The chairman of the Ways and Means Committee, Rep. Kevin Brady (R-Texas) and the chairman of the Finance Committee, Sen. Orrin Hatch (R-Utah) as well as the White House have recognized that the current level of economic growth is unacceptable and that tax reform must encourage a stronger economy and faster growth.
To their credit, the tax reform proposals put forward by Brady and Hatch do much to spark increased economic growth – with bonus depreciation/expensing of business equipment encouraging investments in new equipment that will enhance productivity and result in higher wages for workers. Reduced productivity has been a disappointment this past recovery, and encouraging higher productivity in the future will be the key to a higher standard of living. In addition, the lower corporate rate and rate for pass-throughs will go far in rekindling the entrepreneurial spirit that has been dampened in the last few years as well as making us competitive internationally.
Unfortunately, along with all this good news in tax reform for business and workers – there is a cloud. The cloud comes in the form of a provision in both the House and Senate tax reform that requires companies to amortize R&D expenditures over a five-year period (starting in 2023 for the House costing businesses $108 billion; and 2026 in the Senate costing $62 billion). Real dollars. Allowing expensing for purchases of equipment (as provided in the House and Senate bill) encourages new equipment purchases and improved productivity, but requiring amortization for research will hit the bottom line hard for innovative companies – and will discourage both basic and applied research.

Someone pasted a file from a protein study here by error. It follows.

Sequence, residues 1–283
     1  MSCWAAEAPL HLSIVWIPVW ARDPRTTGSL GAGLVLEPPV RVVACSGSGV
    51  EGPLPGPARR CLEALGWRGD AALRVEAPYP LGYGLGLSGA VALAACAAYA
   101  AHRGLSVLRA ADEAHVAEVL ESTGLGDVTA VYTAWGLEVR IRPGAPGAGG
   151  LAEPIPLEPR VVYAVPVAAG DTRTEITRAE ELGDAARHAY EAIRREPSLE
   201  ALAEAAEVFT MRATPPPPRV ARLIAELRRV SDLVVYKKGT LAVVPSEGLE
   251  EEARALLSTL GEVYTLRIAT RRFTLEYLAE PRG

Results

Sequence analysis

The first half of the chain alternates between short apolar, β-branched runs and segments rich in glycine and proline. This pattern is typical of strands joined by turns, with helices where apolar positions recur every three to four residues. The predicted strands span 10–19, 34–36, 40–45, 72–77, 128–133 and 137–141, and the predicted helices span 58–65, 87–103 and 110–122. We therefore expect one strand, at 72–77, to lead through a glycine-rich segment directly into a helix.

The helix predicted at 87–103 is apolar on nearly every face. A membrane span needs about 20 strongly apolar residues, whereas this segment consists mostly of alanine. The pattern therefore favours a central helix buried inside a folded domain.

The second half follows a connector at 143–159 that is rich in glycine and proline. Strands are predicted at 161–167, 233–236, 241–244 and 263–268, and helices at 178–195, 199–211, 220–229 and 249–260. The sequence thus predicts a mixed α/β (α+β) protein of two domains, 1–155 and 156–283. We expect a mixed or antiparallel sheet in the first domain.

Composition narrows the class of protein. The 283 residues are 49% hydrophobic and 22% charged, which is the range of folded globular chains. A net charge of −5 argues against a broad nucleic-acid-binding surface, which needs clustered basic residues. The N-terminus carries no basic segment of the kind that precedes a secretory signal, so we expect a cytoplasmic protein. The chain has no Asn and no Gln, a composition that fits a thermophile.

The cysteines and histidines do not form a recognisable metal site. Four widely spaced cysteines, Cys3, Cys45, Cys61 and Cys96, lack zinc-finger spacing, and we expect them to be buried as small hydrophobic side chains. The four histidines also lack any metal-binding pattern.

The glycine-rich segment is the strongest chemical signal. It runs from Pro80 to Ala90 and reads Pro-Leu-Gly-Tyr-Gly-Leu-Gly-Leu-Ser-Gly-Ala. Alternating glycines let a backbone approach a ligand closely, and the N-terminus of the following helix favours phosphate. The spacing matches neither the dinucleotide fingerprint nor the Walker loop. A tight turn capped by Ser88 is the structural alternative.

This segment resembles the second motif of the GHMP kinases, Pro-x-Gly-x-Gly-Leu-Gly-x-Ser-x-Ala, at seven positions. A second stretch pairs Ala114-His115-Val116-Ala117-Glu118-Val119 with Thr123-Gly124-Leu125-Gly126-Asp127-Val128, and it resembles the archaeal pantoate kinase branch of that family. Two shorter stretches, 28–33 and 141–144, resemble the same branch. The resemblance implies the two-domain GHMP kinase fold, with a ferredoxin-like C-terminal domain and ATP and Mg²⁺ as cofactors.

The amortization of R&D expenses runs counter to all the good proposals in the House and Senate tax reform bill – and eats into the seed corn of future improvements and inventions that will continue to propel strong economic growth for our country. In particular, amortization of R&D casts a shadow over small and medium companies.
An example can best bring home this reality: Assuming a 20 percent rate – business owner Jane has $1,000,000 of qualified research expenditures (QREs) under Section 41 of the Internal Revenue Code. Jane uses these QREs to generate a gross Research and Development tax credit of $100,000. Jane must reduce her deductions by the amount of the credit ($100,000). The remaining $900,000 in deductions must also be added back into Jane’s income and amortized over 5 years, beginning at the midpoint of the year. The resulting increase in income is thus $910,000 ($100,000 credit + $900,000 in expenses – $90,000 1st half-year’s amortization). Jane’s tax liability goes up $182,000 ($910,000*.2) and is then reduced by the $100,000 credit. As a result of claiming the credit, Jane’s ultimate tax liability is increased by $82,000 ($182,000-$100,000).
Thus, instead of receiving a benefit of $80,000 from the Research and Development tax credit under current law – because of amortization Jane will owe $82,000. That’s a swing of $162,000 – with a 20 percent rate (the situation will be worse for those pass-through businesses that will pay a higher rate than the corporate 20 percent rate). Not a good result for Jane and other innovative companies.